You need to make your own account. We maintain a record of which person submitted which data. We need to maintain the record that your coworker submitted past data.

Data Submittal - General


EIM is generally for environmental samples, but what is accepted is always changing. Download the help document "Data Types Not Entered Into EIM" for more detailed information.

Note, as a general rule we don't enter data into EIM which is already publicly available in other databases.



We accept data from organizations we are already working with at Ecology. This includes cleanup sites, sediment monitoring, landfill groundwater monitoring, water quality grants, NPDES receiving water studies, and certain stormwater monitoring. The EIM submittal requirement is written into the agreements for these types of projects. We also accept water quality monitoring data for the Clean Water Act Water Quality Assessment (303d). This is the only type of data where an agreement with Ecology is not needed to submit it. **To submit data to EIM you must have any EIM account. Information on how to apply for an account can be found here: http://ecology.wa.gov/Research-Data/Data-resources/Environmental-Information-Management-database/EIM-submit-data*** Volunteer/student collected data is generally not accepted.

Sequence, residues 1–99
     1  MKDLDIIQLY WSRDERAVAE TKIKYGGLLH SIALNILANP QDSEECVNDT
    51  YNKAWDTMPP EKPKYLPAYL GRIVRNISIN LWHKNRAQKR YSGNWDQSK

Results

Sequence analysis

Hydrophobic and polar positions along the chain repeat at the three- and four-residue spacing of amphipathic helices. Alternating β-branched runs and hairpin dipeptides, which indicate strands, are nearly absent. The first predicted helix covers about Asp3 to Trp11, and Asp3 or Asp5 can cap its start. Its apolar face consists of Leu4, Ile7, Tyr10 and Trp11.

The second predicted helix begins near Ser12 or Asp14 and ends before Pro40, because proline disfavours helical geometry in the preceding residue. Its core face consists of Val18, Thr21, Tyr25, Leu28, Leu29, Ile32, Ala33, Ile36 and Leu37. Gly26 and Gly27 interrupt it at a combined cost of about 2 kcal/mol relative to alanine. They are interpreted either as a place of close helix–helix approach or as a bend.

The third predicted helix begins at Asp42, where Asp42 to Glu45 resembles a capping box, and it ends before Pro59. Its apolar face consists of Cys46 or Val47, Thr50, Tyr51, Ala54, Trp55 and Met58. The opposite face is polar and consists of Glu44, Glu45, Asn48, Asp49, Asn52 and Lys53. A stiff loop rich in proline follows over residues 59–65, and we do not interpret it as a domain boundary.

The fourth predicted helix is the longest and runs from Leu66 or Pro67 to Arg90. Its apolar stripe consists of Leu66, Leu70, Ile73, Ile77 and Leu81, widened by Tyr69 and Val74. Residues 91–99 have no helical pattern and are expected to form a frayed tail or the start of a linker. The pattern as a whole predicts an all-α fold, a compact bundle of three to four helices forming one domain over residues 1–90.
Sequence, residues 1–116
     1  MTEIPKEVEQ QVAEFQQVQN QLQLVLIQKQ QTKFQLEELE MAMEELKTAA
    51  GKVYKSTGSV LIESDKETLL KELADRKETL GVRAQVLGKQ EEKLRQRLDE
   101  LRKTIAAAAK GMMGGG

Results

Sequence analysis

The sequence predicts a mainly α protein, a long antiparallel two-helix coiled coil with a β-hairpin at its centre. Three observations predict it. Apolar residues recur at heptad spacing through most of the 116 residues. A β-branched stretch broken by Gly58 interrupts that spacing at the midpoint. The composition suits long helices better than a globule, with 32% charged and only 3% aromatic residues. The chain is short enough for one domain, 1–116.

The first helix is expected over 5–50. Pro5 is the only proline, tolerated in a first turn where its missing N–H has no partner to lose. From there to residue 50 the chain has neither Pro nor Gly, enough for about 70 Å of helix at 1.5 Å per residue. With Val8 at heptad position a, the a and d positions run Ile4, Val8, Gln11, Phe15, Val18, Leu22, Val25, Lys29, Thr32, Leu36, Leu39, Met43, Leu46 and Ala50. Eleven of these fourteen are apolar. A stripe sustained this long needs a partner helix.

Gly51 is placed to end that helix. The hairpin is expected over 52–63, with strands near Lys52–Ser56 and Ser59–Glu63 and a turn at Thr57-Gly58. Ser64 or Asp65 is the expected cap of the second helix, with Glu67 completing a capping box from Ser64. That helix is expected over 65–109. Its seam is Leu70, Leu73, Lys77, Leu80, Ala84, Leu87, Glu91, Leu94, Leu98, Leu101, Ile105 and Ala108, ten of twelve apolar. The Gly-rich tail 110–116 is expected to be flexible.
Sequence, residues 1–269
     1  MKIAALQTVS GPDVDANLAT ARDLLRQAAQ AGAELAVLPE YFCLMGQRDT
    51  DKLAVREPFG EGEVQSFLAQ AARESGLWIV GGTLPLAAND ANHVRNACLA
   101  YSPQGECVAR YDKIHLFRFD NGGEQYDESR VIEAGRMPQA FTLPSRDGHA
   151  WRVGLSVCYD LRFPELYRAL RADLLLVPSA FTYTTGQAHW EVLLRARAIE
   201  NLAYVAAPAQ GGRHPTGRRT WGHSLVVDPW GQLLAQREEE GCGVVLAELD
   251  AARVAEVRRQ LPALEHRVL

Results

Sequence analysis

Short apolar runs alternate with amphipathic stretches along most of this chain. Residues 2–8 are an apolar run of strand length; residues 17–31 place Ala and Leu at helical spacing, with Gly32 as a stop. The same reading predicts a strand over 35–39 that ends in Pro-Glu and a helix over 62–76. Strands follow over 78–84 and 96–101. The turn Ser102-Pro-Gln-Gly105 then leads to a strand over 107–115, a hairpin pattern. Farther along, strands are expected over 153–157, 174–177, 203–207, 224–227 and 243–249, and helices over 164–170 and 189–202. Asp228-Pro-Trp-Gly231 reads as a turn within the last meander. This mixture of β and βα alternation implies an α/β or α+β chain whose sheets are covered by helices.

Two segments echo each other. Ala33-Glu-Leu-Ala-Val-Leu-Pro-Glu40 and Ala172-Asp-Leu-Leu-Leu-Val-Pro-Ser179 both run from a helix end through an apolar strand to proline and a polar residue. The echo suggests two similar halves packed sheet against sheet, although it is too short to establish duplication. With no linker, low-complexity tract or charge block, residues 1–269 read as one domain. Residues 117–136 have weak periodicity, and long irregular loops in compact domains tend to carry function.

No. A PDF is like a photograph. You can look at it, but you can't search it or use the numbers. We need the data in spreadsheet format. Submit data using the EIM templates, available in EIM Help. Most labs provide data in EIM format, which makes it easy to populate the templates. Also see our template help documents, designed to help you fill out the templates. Your EIM Data Coordinator will help you through the process.